Title

Response of metabolic hormones and blood metabolites to realimentation in rehabilitated harbor seal (Phoca vitulina) pups

Document Type

Article

Publication Date

9-1-2020

Subject Area

ARRAY(0x55c826f6eb40)

Abstract

Mammals with increased requirements for adipose tissue stores, such as marine mammals, have altered nutrient allocation priorities compared to many terrestrial mammals and thus the physiological response to undernutrition (low nutritional status) and realimentation (refeeding) may differ. Key regulators of nutrient allocation and tissue specific growth include metabolic hormones of the somatotropic axis, growth hormone (GH) and insulin-like growth factor (IGF)-I, as well as satiety and adipose promoting ghrelin and the stress hormone cortisol. Longitudinal measurements of metabolic hormones, blood metabolites, and morphometrics were collected over a 10-week period in twelve (male n = 3, female n = 9) harbor seal pups (< 6 weeks of age). Blood metabolites were used to indicate metabolic response during realimentation while morphometrics estimated tissue specific growth priorities. Harbor seal pups undergoing refeeding after nutritional deprivation show a preference for protein sparing despite severe malnutrition. Both BUN and total protein were negatively associated with GH and positively associated with IGF-I and ghrelin highlighting the importance of these metabolic hormones in the regulation of protein metabolism. While the response of the somatotropic axis to realimentation was typical of the mammalian pattern, the surprising increase of ghrelin across the study period suggests the priority of adipose accretion in addition to a possible mechanism regulating compensatory growth of vital adipose stores in a species, which prioritizes adipose accretion for survival.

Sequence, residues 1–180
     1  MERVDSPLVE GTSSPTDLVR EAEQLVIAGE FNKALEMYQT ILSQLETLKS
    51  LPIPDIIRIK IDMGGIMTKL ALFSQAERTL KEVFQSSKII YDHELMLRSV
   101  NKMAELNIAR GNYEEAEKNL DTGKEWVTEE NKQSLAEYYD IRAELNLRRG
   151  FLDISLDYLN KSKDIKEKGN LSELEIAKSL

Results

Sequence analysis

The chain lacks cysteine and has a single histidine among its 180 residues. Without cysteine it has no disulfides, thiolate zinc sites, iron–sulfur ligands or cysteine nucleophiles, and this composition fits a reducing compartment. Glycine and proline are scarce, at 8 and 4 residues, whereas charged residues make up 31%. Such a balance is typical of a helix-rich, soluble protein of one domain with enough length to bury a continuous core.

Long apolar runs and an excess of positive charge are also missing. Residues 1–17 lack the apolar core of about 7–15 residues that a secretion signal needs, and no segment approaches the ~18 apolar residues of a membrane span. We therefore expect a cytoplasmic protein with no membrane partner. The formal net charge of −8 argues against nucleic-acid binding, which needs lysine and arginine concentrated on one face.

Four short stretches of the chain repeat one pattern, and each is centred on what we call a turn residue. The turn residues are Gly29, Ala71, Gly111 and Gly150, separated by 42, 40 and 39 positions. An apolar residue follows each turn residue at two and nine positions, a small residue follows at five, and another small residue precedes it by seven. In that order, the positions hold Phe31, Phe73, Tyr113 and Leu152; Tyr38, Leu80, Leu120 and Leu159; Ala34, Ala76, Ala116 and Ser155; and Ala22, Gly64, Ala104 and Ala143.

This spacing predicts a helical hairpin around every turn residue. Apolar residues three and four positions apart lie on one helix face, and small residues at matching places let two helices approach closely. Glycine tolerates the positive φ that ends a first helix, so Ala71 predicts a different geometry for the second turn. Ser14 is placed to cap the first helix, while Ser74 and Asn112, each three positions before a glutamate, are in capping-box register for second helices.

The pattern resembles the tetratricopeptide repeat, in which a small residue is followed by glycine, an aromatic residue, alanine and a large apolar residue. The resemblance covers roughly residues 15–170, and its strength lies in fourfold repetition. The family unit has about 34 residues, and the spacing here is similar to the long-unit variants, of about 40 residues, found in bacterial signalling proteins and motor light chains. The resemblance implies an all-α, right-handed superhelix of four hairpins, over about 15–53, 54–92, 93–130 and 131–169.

Publication Title

Journal of Comparative Physiology B: Biochemical, Systemic, and Environmental Physiology

Volume

190

Issue

5

First Page

629

Last Page

640

Digital Object Identifier (DOI)

10.1007/s00360-020-01290-5

PubMed ID

32617718

ISSN

01741578

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